During the summer of 1832, the Sac warrior Black Hawk led a group of Sac and Fox across southwestern Wisconsin (then known as the Michigan Territory). What initially started as a decision to reclaim their ancestral homeland and corn fields in northwestern Illinois during the spring of 1832, ended in a massacre by U.S. soldiers and Illinois milita on the Mississippi River near the mouth of the Bad Axe River in Vernon County Wisconsin.
In the 1880's, Dr. Charles V. Porter, a Vernon County doctor, dairyman and local historian, was preparing a paper on the "Black Hawk Trail" to read at a DeSoto teacher's convention. He rode out to the hotel/home of Mrs. Nancy Wilder in Rising Sun, Crawford County. She had moved there in 1852 and, as Dr. Porter recounts, she was able to tell him exactly where the trail ran that Black Hawk had used in 1832. Mrs. Wilder was the first of many early pioneers he interviewed to establish the route of the trail from Rising Sun to the Mississippi River. In 1930, Dr. Porter, along with Don Arneson and Ray Spellem in association with the highway department and the local commissioner, Clarence Hoff, built and erected seven stone markers tracing Black Hawk's route. They also placed four other markers noting historic places or events in Vernon County.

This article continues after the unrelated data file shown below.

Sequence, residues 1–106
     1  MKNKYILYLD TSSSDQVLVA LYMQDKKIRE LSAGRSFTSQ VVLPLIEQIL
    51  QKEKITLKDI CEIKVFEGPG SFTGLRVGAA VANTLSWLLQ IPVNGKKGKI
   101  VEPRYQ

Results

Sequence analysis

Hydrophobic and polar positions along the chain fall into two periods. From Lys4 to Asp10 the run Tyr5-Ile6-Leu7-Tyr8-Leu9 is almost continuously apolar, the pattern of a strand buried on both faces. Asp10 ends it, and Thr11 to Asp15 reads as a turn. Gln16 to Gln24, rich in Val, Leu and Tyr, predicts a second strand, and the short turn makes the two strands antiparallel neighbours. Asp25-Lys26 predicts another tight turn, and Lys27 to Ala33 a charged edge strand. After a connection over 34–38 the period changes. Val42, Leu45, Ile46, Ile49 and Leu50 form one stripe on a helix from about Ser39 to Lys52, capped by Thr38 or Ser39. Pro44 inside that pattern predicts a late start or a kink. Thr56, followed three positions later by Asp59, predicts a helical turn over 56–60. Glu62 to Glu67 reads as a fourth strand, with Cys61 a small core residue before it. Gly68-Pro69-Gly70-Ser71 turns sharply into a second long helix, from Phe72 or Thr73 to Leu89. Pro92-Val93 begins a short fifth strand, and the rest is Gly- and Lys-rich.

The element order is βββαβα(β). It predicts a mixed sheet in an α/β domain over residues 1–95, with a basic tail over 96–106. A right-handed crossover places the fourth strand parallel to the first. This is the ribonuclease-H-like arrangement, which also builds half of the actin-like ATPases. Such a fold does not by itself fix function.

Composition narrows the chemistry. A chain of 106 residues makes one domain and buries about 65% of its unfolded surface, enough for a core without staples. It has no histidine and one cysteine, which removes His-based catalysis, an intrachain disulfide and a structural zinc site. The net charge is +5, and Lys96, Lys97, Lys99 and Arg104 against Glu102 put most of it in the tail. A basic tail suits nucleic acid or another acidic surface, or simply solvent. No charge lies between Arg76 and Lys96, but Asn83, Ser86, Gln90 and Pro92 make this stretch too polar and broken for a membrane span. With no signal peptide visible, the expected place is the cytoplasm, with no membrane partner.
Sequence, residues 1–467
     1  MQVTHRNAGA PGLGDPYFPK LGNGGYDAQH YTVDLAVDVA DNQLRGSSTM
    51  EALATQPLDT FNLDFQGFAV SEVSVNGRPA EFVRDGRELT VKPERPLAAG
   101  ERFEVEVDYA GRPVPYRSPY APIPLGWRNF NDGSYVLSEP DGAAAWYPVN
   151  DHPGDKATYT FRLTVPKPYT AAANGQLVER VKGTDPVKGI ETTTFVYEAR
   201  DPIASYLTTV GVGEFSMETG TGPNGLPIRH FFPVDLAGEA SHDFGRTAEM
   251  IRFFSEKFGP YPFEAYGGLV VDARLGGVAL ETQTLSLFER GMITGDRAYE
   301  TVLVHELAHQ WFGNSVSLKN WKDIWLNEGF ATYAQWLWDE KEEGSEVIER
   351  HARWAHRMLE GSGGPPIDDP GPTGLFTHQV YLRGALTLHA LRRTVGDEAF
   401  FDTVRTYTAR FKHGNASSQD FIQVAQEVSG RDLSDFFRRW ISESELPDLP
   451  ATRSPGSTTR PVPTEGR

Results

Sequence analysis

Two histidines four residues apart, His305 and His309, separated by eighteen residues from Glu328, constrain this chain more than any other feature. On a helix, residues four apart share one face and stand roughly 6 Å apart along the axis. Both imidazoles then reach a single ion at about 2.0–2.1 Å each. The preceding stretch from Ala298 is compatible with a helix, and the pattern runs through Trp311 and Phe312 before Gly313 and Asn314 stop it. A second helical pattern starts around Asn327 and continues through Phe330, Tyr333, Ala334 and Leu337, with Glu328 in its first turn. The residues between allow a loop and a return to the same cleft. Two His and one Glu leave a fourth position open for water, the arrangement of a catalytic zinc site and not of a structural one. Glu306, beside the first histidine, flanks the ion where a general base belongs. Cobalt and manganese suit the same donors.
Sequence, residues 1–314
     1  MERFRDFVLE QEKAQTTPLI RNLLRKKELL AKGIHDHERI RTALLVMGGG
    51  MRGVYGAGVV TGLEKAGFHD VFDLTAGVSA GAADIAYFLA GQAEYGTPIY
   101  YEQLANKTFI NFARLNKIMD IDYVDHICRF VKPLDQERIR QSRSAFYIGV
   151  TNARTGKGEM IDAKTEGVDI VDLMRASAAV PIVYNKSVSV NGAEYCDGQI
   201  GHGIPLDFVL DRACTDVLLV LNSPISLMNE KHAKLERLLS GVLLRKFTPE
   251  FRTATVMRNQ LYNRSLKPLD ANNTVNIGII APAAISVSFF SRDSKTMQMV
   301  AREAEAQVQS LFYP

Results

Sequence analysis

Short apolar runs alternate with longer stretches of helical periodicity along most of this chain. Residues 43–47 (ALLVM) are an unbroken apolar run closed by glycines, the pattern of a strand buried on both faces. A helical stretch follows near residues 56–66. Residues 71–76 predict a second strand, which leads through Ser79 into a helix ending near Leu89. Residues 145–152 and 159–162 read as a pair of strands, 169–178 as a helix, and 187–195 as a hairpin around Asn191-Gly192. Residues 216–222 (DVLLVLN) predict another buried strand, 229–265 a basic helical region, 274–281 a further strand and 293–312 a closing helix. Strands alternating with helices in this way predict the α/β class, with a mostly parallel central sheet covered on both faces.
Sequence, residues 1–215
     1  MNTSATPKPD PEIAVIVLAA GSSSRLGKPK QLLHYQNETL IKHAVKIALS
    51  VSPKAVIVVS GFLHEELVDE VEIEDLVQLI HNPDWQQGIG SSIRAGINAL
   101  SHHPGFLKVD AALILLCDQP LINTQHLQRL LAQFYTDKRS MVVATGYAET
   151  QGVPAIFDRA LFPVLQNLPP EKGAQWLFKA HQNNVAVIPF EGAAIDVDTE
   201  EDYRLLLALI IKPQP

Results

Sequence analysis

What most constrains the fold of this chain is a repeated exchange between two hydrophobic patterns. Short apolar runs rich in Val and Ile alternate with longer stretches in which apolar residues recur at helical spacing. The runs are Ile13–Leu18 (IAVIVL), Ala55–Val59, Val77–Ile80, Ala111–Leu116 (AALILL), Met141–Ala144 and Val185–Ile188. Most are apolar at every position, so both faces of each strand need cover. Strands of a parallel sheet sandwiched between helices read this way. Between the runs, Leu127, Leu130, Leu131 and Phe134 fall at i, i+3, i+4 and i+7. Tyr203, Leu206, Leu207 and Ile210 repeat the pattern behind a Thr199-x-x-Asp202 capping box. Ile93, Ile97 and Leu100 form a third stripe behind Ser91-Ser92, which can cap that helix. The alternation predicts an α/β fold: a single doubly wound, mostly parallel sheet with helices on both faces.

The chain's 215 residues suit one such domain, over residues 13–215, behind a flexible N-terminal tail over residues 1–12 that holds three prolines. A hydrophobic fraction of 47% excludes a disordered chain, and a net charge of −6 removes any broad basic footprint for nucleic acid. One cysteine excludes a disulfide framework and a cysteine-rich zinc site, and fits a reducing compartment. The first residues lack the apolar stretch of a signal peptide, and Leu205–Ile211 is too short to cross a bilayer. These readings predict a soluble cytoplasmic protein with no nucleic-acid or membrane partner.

Historical Markers document episodes of "The Black Hawk War" from Illinois through Wisconsin. A complete list with mapable links is available at the The Historical Marker Database.
The Vernon County Historical Society has created a brochure and map for people to follow along on this historic route. The images below link to printable versions of the brochure and map. Page one of the brochure "Black Hawk - The End of His Trail" has information on Dr. C.V. Porter and the other markers not specifically related to Black Hawk. Page two of the brochure "The Black Hawk Trail Markers" gives a description of each marker and more background information.